cd: can't cd to ppp
rm: utmp: Permission denied
cp: utmp: Permission denied
/etc/rc.d/cleanvar: cannot create /var/run/clean_var: Permission denied
undef.unixathome.org
Setting hostname: undef.unixathome.org.
Generating nsswitch.conf.
eval: cannot create /etc/nsswitch.conf: Permission denied
Generating host.conf.
eval: cannot open /etc/nsswitch.conf: No such file or directory
ln: /dev/log: Operation not permitted
eval: cannot create /var/run/syslogd.sockets: Permission denied
Starting syslogd.
syslogd: child pid 97899 exited with return code 1
ELF ldconfig path: /lib /usr/lib /usr/lib/compat
ldconfig: mkstemp(/var/run/ld-elf.so.hints.EO1FRT): Permission denied
a.out ldconfig path: /usr/lib/aout /usr/lib/compat/aout
ldconfig: /var/run/ld.so.hints.QnuzP1cZaF: Permission denied
Starting local daemons:.
Updating motd ... /etc/motd is not writable, update failed.
/etc/rc: WARNING: Setting entropy source to blocking mode.
====================================================
Type a full screenful of random junk to unblock
it and remember to finish with . This will
timeout in 300 seconds, but waiting for
the timeout without typing junk may make the
entropy source deliver predictable output.

Just hit for fast+insecure startup.
====================================================
kern.random.sys.seeded: 1
lkajdflkjadsflkjsdfalk; voiusfady 098125 09okjcv lkhq234ou 8g09fuzohj adjf
You don't exist, go away!
You don't exist, go away!
You don't exist, go away!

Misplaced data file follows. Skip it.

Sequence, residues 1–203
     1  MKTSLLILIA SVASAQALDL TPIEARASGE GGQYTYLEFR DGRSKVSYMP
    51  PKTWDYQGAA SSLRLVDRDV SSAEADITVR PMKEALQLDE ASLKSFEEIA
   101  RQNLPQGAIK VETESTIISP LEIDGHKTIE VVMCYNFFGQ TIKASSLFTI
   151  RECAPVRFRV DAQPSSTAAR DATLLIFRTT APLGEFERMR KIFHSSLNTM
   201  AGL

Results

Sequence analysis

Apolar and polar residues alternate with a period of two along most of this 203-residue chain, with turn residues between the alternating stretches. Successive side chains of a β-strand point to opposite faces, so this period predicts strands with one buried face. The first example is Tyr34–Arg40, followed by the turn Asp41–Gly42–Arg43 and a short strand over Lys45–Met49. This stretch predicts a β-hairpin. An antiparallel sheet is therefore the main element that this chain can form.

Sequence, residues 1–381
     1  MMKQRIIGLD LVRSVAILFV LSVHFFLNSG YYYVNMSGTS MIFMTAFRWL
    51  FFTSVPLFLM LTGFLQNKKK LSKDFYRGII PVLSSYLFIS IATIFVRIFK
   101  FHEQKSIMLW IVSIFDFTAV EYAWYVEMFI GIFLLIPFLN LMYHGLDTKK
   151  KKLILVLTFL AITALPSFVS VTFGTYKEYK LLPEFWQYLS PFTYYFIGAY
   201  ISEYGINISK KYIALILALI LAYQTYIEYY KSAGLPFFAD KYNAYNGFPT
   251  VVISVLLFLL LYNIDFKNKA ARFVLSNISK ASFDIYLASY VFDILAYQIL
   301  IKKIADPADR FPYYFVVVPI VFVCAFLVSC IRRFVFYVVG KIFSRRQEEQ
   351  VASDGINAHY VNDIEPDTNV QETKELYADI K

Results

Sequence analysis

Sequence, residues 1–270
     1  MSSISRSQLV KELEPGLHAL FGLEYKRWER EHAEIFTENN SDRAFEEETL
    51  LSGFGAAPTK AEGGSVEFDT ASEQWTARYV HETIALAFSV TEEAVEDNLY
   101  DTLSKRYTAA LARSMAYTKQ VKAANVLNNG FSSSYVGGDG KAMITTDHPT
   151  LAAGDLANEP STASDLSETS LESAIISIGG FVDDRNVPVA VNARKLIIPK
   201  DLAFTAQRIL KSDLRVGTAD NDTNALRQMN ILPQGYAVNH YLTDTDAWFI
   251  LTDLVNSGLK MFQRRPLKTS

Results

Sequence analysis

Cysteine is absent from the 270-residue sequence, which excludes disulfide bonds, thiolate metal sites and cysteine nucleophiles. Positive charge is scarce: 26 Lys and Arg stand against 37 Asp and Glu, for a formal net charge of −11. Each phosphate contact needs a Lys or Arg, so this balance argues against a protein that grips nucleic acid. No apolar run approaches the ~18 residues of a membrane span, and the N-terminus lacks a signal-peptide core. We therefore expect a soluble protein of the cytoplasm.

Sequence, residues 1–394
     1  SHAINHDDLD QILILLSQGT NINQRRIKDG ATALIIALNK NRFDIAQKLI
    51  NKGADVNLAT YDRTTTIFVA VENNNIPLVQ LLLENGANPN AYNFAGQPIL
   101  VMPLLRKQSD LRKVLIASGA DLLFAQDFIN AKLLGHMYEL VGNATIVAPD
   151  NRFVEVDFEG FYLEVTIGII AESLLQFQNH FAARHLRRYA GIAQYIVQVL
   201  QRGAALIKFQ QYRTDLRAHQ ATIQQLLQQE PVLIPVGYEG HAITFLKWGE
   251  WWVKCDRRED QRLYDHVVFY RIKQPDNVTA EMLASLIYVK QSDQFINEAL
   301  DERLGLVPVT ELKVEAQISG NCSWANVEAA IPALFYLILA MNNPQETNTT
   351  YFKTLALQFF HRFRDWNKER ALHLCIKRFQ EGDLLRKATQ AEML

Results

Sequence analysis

sendmail_submit: /etc/mail/aliases.db not present, generating
Permission denied (real uid not trusted)
asendmail_clientmqueue: /etc/mail/aliases.db not present, generating
Permission denied (real uid not trusted)
dStarting cron.
cron: can't open or create /var/run/cron.pid: Permission denied
Local package initialization:.
/etc/rc.d/msgs: cannot create /var/msgs/bounds: Permission denied
l
Sun Sep 11 21:05:35 UTC 2005
$

For the most part, this looks exactly like a normal startup. A few things to note

  • /etc/fstab - if you see this, you didn't do as man jail said. You need to create an empty /etc/fstab file.
  • adjkerntz - Not sure about this. I know you should comment out the /etc/crontab entry for adjkerntz within your jail environment.
  • sendmail - My host environment does not use sendmail (i.e. I have "NO_SENDMAIL= true" in /etc/make.conf). I think this will go away once I install Postfix within the jail.
  • net.inet.tcp.always_keepalive - I have no idea why this occurs
Starting and stopping the jail automagically

I found two interesting tools for starting and stopping the jails: sysutils/jailer and sysutils/jailutils. sysutils/jailer is installed in the jail environment. sysutils/jailutils should be installed in the host environment. Using those two tools, I created this start/stop script:

#!/bin/sh

case "$1" in
start)
        jail /usr/jail/192.168.0.155 osw.example.org 192.168.0.155 /usr/local/sbin/jailer > /dev/null && echo -n ' jail 66.154.97.254'
        ;;
stop)
        /usr/local/sbin/jails | /usr/bin/xargs /usr/local/sbin/killjail > /dev/null && echo -n ' jail'
        ;;
*)
        echo "Usage: `basename $0` {start|stop}" >&2
        y;;
esac

exit 0

This is a very limited script. It doesn't check that a jail is already running before starting it. That would be a nice addition. If you want to add it, I look forward to your patch.

In addition, you might want to add this to the host environment's /etc/sysctl.conf

jail.set_hostname_allowed=0

Under 5.*, this variable has a slightly different name.


Share
Need more help on this topic? Click here
This article has 10 comments
Show me similar articles